The Assembly Appropriations Committee has a chance today to do the right thing and move California toward a sensible state policy for educating California’s 1.3 million limited-English-speaking students. To do so, both Democrats and Republicans will have to put aside pet ideologies and loyalties to do what’s best for children.
Sen. Dede Alpert and Assemblyman Brooks Firestone are seeking reconsideration of their bilingual overhaul bill, SB 6, which was defeated last summer. The bill, already approved by the Senate, would complete the reform begun last month by the state Board of Education, when it revoked state Department of Education rules mandating bilingual programs for limited-English proficient (LEP) students.
Like the state board, Alpert and Firestone would give school districts the flexibility to design their own programs for teaching English to non-native speakers. Such flexibility is essential. No single approach to teaching works best for all students in all communities. Giving districts the flexibility to design programs to meet the needs and wishes of individual students and their parents and to fit the circumstances of particular schools is only common sense. It’s a far better approach than the old bilingual mandate or Ron Unz’s one-size-fits-all English-immersion experiment mandated in his initiative on the June ballot.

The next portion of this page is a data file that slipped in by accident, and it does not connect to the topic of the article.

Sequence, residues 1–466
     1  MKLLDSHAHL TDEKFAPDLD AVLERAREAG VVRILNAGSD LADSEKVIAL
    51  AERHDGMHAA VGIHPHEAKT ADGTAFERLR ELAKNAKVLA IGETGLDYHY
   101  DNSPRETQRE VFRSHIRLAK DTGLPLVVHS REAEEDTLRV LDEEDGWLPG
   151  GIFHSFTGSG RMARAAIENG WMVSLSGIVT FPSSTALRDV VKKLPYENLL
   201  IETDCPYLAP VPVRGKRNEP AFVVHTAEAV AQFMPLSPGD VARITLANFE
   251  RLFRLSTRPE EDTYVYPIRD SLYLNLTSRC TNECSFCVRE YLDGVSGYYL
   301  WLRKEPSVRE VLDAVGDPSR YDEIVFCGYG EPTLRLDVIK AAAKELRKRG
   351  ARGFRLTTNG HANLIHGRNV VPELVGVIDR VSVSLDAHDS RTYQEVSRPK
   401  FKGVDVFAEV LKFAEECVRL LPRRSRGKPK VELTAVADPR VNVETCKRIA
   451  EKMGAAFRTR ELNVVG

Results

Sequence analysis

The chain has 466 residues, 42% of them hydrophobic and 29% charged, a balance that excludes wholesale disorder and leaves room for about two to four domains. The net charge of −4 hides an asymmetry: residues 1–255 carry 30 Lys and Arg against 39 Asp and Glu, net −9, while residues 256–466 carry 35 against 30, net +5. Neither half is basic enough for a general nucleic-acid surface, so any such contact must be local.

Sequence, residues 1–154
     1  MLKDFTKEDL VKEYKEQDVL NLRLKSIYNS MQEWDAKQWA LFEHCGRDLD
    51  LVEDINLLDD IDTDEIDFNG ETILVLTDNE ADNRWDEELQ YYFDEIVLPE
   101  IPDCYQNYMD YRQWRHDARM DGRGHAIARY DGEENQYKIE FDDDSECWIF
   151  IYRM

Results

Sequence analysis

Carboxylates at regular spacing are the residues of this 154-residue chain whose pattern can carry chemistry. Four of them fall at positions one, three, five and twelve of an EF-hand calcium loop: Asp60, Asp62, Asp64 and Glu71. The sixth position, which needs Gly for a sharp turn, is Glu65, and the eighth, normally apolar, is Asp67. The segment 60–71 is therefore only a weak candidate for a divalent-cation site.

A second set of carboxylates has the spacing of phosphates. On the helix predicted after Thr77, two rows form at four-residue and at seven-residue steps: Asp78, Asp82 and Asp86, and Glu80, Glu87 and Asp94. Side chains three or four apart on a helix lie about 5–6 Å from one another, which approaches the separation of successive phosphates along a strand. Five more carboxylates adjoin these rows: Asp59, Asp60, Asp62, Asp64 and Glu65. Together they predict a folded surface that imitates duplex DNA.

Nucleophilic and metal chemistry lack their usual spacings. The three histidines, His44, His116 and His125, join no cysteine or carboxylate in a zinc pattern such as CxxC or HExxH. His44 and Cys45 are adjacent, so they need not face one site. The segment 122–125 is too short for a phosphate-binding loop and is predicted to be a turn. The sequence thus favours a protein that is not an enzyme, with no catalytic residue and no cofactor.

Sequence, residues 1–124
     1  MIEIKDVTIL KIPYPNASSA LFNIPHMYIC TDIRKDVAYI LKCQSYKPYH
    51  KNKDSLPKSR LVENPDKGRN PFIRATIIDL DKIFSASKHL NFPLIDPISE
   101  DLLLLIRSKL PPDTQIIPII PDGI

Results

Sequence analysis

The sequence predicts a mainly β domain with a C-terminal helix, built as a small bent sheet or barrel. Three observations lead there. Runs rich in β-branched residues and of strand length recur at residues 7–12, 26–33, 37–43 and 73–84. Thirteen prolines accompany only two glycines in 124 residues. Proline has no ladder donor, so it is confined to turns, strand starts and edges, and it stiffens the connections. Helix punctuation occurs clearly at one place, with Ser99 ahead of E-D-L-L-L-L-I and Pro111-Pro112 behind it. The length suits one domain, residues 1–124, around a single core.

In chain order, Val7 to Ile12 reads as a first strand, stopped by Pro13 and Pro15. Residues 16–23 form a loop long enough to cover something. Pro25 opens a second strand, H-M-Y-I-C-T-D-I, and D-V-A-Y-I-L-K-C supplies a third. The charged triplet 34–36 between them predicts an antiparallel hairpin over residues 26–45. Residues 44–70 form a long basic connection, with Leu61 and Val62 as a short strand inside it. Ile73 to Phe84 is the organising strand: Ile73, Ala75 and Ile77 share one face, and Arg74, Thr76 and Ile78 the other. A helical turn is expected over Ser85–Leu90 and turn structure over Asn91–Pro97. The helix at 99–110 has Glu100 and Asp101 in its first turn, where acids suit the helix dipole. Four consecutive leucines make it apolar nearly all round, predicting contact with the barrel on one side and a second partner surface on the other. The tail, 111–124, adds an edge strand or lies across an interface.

But Alpert and Firestone would go beyond the board in requiring school districts to show results. Districts would have to assess the progress of LEP students both in learning English and other academic subjects. Those whose programs failed to bring LEP students up to benchmarks would be subject to state intervention.
That combination of district flexibility and accountability doesn’t satisfy ideologues who think they have the right answer for everyone, whether it’s bilingual instruction or sink-or-swim English immersion. But it’s the right thing for the children.
For too long the Legislature has let those ideologues block reform even in the face of protests by parents and evidence that current policies aren’t working. With the Unz measure on the June ballot, the hour is late. But by passing SB 6, lawmakers could show voters that they’ve finally got the message and set the state on a better course than the sloganeers offer.